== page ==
Dealing With Breast Cancer
Strong coping skills can aid women with breast cancer
TUESDAY, Dec. 3, 2002 (HealthDayNews) -- The stress of being diagnosed with breast cancer may make the disease worse, but women who have good coping styles may help their treatment and outcome.
That's the claim of a new report in the December issue of the Annals of Behavioral Medicine.
American researchers reviewing the mind-body connection in women with breast cancer found that stress, mental state and coping style all combine to affect biological factors such as immune function and hormone levels.
The study says that healthy coping has been shown to improve immune function and hormone balance while stress, depression, anxiety and post-traumatic stress disorder lead to reduced immune function and altered hormone balance.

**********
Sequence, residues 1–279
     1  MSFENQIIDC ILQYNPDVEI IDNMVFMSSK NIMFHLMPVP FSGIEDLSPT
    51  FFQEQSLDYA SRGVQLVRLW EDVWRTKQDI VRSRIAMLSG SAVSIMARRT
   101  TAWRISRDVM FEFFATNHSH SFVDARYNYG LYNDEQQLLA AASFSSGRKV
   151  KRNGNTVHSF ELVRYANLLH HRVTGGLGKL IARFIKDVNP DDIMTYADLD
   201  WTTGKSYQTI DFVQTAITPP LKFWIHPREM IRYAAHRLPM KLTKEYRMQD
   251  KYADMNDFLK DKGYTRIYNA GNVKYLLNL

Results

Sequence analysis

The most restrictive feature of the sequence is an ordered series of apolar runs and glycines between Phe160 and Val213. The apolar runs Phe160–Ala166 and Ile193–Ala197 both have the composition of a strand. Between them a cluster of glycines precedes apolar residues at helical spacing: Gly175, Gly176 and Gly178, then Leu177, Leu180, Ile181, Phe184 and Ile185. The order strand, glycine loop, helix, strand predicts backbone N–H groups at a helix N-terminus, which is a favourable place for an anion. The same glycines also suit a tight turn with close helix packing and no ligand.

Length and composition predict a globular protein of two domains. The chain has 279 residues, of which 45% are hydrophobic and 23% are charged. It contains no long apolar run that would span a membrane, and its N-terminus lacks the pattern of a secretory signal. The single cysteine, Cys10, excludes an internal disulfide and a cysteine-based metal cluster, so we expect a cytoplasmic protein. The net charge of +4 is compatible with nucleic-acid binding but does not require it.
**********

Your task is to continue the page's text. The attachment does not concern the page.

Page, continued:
It's estimated that 30 percent to 40 percent of women with breast cancer have symptoms of anxiety and depression at the first diagnosis of the cancer. About 3 percent to 10 percent suffer post-traumatic stress disorder and virtually all women with breast cancer have some level of stress and distress.
The researchers found that previous studies show that people who adopt active coping strategies improve their immune system function and lower their cortisol levels, while the opposite is true for people who have passive coping strategies.
Active coping refers to taking a direct and rational approach to dealing with a problem. Passive coping involves avoidance, withdrawal and wishful thinking.
The American Cancer Society has information about coping with breast cancer.